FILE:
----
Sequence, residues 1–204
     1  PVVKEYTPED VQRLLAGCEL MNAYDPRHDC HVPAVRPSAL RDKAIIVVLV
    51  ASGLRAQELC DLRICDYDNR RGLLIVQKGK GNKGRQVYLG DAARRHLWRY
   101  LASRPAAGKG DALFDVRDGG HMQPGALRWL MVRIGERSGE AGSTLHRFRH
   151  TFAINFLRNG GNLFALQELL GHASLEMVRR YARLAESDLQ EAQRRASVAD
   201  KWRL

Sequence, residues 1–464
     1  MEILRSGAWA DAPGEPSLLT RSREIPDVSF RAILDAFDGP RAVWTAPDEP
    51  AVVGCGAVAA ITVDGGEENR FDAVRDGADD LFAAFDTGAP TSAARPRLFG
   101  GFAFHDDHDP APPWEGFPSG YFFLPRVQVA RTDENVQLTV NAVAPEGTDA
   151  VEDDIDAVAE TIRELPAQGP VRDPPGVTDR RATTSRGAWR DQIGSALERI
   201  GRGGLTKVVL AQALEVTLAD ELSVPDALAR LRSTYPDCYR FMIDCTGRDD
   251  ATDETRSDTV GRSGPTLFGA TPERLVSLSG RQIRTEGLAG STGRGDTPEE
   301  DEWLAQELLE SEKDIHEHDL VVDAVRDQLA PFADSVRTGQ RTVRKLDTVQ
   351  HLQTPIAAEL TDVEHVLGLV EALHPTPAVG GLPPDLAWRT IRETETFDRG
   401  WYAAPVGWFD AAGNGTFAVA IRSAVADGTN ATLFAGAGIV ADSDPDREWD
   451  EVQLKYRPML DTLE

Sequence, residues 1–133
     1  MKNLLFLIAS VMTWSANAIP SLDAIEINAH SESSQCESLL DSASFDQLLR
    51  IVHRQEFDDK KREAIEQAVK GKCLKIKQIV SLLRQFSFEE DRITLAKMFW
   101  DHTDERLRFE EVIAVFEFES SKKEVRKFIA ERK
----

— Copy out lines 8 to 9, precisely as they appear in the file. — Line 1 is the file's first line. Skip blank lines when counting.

     1  MEILRSGAWA DAPGEPSLLT RSREIPDVSF RAILDAFDGP RAVWTAPDEP
    51  AVVGCGAVAA ITVDGGEENR FDAVRDGADD LFAAFDTGAP TSAARPRLFG